I have finished reading Jonathan Kwitny’s review of Peter Schweizer’s book “Victory” (Book Review, June 12) in which Peter Schweizer documents the Reagan Administration’s role in ending the cold war. Kwitny’s thesis seems to be that the Reagan Administration was uninvolved in the demise of the Soviet Union. Kwitny apparently agrees with Strobe Talbot that the collapse of the Soviet Union was inevitable, and just happened all by itself, with no assistance from the free world and the United States.
Kwitny is, however, happy to believe that Reagan took the initiative to do anything with which he disagrees, so he condemns Reagan for taking actions to “psychologically destabilize” Soviet commanders. He would prefer, it seems, a policy of foreign affairs who makes no firm decisions, takes no actions, and certainly takes no risks, such as the current Commander-in-Chief of our armed forces.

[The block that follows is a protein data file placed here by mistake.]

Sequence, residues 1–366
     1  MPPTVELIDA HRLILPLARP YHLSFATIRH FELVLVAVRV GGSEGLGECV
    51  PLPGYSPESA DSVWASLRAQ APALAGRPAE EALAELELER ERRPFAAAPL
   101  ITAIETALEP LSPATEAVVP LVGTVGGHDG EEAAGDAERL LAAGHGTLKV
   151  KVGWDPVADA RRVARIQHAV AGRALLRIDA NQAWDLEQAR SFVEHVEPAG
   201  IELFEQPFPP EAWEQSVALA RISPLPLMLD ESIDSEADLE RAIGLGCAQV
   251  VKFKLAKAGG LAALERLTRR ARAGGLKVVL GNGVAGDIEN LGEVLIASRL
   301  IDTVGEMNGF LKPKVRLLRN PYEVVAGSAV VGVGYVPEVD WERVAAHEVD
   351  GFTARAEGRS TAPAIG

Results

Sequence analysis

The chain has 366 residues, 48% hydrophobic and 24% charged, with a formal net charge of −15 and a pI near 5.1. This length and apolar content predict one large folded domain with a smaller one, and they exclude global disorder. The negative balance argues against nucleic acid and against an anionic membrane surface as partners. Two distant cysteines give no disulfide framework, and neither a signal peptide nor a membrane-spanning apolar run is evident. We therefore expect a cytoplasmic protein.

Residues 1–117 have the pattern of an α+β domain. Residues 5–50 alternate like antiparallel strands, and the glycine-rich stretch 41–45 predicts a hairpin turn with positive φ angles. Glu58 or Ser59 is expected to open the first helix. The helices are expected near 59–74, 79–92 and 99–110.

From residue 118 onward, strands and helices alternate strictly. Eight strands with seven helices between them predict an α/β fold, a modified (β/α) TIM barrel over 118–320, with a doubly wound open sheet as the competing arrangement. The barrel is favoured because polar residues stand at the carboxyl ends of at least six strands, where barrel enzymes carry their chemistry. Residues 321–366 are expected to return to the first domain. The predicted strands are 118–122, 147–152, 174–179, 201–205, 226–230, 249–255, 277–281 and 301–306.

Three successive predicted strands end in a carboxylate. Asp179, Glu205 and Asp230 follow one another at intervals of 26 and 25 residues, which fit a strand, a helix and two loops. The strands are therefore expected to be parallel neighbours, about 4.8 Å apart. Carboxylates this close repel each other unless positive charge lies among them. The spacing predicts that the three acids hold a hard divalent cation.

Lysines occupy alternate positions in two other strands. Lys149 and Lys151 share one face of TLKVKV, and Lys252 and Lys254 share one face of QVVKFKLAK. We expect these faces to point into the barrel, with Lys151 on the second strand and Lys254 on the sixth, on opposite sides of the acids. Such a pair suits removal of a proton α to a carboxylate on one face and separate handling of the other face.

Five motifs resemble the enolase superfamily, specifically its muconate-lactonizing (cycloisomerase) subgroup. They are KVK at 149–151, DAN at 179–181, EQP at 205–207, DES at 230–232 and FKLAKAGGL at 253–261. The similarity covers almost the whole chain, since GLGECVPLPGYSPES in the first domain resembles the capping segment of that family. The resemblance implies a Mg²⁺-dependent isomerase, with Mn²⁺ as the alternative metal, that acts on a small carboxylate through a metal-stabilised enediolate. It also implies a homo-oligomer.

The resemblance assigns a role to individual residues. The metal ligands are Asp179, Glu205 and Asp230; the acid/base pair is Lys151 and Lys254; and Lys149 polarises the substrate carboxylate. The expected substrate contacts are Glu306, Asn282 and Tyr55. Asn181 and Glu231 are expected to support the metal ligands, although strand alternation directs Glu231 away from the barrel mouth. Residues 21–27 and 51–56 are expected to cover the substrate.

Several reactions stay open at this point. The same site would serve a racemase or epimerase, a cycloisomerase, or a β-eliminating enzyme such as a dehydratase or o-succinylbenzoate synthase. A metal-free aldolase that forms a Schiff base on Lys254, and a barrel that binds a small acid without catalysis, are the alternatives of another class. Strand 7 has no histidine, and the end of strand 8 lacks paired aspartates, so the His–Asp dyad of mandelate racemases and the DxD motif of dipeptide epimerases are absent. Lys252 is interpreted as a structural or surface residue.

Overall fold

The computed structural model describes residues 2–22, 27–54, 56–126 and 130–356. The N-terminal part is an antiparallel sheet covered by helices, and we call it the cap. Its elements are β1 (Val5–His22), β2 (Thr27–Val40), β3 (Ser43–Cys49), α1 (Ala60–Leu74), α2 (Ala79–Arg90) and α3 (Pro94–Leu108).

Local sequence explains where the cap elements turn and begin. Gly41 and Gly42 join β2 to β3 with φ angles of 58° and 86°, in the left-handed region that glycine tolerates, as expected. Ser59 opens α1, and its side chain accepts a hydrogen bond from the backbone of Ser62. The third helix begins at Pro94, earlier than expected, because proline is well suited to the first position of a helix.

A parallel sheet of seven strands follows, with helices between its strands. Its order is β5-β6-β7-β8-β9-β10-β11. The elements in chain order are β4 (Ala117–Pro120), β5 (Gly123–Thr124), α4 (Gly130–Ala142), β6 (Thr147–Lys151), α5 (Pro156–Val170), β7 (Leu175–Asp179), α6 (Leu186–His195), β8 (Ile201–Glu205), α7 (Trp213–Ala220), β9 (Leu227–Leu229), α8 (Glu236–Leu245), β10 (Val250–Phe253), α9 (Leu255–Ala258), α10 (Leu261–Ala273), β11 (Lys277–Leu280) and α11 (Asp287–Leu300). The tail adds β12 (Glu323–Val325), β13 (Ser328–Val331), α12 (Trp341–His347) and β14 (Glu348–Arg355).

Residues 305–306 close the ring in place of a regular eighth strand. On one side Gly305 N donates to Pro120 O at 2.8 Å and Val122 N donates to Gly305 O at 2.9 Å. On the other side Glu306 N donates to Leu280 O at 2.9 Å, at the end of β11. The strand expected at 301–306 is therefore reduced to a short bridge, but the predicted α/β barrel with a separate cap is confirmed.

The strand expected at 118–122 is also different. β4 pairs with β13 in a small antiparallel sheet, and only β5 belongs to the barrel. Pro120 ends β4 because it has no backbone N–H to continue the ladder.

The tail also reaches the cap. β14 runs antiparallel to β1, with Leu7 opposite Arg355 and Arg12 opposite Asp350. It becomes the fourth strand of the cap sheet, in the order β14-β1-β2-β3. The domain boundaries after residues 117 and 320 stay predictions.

Kwitny warns that “readers are not well served by the unsupported boasts of former officials who would like to take credit for a famous victory.” The liberal press (a redundant phrase if ever there was one) has been remarkably silent in giving the Reagan Administration any credit for a famous victory.
Kwitny entertains “the suspicion that this is Soviet-style history--rewritten to suit the current propaganda need.” Historical revisionism is today overwhelmingly the province of the left.
ROBERT B. BAKER, RANCHO PALOS VERDES